Sermons > Fourth Sunday after Pentecost


12 Jun 2016

 

“Then Nathan said to David:  ‘You are the man!’” (2 Sam. 12:7)    In the name …

Mohammed Ali died two weeks ago and his funeral was just a couple of days ago.  Famous people from the world of sports, broadcasting and Hollywood gathered to pay him tribute.  Maryanna Foster shared with me a quote of his about religious tolerance, that there is good to be found in all faiths and among their faithful, but we have to go looking for it.  He evaded the draft during Vietnam as a conscientious objector.  I realize that this is a controversial action and that it may bring up rather unpleasant emotions, especially among those who did answer the call to serve.  But let’s try to step back from particulars and look at this from a broader angel.  Here was a man who said that he could not walk into a restaurant in Louisville and get a sandwich because he was black, and yet the same government wanted him to go and fight in South East Asia for freedom.  His conscience wouldn’t let him do this even though the government said he had to, and this is the definition of a conscientious objector.

Again, I know his particular example may be upsetting, but to be a conscientious objector is allowed in our country and really has to be.  Let’s try and step even further back.  King David was a man with a lot of flaws.  One of his worst offenses was against a soldier by the name of Uriah the Hittite.  David’s palace was above all the other dwellings on the hill on which Jerusalem was constructed.  One day he looked down and he spotted a beautiful woman by the name of Bathsheba.  He basically raped the woman.  Last week a young man who was a student at Stanford University was given only a short probation sentence for raping a woman.  The judge justified his light sentence based on the man’s athleticism and academic achievements.  People are seeking that judge’s removal from the bench because they see in his courtroom logic a get-out-of-jail free card for almost any man at an elite college to get away with rape.  Well, King David was the king.  No one was supposed to challenge the king.

Bathsheba became pregnant after David’s rape.  To hide his offense from becoming public, David ordered her husband Urriah to be killed.  David was the commander in chief; Urriah was expendable.  David thought he had no one to answer to – he was the king.  But there was Nathan, a prophet of God.  Nathan marches into the king’s palace.  He tells a white-lie of a story about a rich man who had guests at his house.  Next door was a poor man who owned but one sheep, one sheep that was treated more as a pet than as food.  The rich man stole that poor man’s pet, slaughtered it instead of taking from his own vast flocks, he served it to his guests.  David was enraged at this injustice, and then Nathan turned the tables on him saying, “You are the man!”  David had taken the only think beloved of Urriah.  David had wives and concubines galore, but he took Urriah’s only love.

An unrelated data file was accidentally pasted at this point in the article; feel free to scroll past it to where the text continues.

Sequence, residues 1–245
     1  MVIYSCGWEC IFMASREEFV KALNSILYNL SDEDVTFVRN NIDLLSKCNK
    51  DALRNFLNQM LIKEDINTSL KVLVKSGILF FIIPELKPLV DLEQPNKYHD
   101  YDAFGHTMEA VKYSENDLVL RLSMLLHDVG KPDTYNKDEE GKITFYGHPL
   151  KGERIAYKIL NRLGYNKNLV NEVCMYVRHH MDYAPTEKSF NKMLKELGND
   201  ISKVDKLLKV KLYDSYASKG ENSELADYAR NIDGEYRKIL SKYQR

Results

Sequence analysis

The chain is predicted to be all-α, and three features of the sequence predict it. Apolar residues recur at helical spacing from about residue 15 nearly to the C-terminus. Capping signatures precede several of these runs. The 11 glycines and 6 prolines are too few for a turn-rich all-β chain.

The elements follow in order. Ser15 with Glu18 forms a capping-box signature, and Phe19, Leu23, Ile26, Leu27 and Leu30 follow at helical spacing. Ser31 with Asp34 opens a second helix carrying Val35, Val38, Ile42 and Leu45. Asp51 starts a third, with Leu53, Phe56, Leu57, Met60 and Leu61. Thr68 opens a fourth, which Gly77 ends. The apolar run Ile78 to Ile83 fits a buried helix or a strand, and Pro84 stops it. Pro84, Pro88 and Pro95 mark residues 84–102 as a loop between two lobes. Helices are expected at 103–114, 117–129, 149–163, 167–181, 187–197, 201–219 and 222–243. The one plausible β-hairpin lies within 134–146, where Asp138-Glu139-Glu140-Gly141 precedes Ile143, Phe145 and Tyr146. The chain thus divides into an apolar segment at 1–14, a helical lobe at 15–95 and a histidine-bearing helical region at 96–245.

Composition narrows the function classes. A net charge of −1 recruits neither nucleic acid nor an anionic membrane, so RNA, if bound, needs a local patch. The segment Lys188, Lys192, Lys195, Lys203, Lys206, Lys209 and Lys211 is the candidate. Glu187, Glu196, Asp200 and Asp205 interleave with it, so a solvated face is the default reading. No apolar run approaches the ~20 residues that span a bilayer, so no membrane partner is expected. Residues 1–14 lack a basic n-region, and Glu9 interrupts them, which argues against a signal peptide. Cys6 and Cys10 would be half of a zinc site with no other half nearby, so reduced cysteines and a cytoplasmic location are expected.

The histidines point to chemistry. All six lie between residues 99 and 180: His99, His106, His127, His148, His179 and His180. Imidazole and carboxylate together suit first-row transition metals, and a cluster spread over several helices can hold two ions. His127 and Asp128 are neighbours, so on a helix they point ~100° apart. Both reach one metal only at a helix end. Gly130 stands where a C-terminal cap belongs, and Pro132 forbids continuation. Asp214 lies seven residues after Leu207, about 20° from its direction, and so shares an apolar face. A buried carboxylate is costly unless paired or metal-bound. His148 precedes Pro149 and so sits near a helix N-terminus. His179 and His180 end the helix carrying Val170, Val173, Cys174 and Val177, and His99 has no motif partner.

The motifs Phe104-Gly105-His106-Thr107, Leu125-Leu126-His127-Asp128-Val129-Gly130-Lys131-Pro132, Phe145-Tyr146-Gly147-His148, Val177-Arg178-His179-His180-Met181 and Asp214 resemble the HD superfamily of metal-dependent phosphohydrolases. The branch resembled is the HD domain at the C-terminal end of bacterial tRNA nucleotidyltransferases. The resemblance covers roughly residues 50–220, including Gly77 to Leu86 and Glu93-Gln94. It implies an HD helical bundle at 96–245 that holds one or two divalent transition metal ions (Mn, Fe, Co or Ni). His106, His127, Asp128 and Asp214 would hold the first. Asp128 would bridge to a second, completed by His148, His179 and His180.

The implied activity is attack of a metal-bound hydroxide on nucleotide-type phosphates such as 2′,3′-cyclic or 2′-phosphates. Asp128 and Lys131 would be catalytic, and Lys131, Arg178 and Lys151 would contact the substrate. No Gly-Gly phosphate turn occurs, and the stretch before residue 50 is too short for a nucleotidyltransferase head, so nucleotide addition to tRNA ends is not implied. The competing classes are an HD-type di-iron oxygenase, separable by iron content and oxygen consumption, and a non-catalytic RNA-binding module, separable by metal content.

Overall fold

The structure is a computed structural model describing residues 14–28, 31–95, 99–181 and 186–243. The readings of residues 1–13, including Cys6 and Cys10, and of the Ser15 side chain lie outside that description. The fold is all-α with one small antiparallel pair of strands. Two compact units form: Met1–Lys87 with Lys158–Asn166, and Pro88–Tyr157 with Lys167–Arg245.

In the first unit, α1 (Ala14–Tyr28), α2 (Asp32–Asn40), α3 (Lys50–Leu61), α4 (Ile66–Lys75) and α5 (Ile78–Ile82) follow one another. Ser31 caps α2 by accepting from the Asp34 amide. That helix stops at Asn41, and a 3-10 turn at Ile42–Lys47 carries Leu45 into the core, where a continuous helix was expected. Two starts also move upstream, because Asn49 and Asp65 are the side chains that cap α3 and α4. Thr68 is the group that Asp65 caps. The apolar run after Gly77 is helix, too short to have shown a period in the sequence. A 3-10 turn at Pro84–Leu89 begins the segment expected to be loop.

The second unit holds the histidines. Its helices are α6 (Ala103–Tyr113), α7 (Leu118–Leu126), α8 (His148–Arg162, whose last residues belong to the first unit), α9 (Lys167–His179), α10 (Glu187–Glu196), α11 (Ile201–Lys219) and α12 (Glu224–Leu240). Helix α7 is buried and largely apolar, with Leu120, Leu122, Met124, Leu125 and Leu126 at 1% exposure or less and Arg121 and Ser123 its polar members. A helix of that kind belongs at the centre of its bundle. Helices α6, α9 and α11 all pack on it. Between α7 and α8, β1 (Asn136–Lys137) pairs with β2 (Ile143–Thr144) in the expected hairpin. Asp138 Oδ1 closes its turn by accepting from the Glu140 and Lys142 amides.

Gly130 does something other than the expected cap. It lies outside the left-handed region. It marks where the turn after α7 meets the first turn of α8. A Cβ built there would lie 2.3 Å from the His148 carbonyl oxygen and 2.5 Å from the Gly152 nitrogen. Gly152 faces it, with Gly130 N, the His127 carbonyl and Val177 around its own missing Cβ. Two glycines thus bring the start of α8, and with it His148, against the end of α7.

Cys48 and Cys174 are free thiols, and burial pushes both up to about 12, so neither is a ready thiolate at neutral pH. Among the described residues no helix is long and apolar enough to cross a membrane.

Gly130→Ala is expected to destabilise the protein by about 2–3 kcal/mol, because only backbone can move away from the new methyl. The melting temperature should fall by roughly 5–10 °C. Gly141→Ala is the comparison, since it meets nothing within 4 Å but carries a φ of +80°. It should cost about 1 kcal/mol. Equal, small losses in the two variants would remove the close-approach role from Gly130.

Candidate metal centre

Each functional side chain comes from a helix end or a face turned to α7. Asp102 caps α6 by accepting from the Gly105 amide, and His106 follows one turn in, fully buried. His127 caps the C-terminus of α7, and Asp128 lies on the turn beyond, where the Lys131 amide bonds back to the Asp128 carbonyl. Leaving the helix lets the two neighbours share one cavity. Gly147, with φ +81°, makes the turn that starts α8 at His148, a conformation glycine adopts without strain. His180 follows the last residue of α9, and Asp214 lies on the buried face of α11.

This was 3,000 years ago, but it remains a tradition of our faith.  Church and church-people are called upon to stand-up to the abuses of power and stand-for the right and the true no matter who is the offender.  That’s our prophetic voice.  Nathan’s story was included in the Bible by people who lived around the time of David.  They didn’t sweep this embarrassment under the carpet.  They added this story to Holy Scripture.  What a testimony this is to how important is our calling to call-out the injustices of even the powerful.  This is the basis of conscientious objection.  As people of faith we have to stand-up to even the government when we see what is wrong.  Being a person of faith is not limited to houses of faith.  We come to Mass to be reminded of the faith and to be strengthened by the closeness of God in Communion and community, but the kingdom of God is the entire world.  We have to try and make a difference out beyond the walls of church. 

Today we will close the academic year of our Christian education program.  We will thank our teachers and the students at the end of Mass, but remember what we call this effort.  Ever since it was started in the 1950’s our Christian ed program has been called the School of Christian Living.  It’s not limited to what we’re supposed to think about God and church.  A lot of that will come from catechism and Mass.  It’s about how to live the Christian life.  So many fights and divisions emerge because of what people think about God and church, but there is so much common ground to build upon when we choose to emphasize how we’re supposed to live as people of God.  As Mohammed Ali said in that quote shared with me by Maryanna, there’s a lot of good in all kinds of religions and religious people.  How we live is where we find that commonality of moral goodness.  And when even the powerful live in a blatantly immoral, callous and self-serving way, when they may even feel protected by their position, there is the weight of our voice that yells, “You are the man!”  Today, maybe more than in a long time, we as people of faith need to find our voice and to stand up to the abuses of wealth and power, to stand up for our consciences, to stand up for the expendables and to speak for God.  And may this be our prayer in the name of the Saviour who never backed down before the powerful and who always stood up instead for the right, in Jesus’ name we pray.  Amen.  (+)

Fr. Randy Calvo

 

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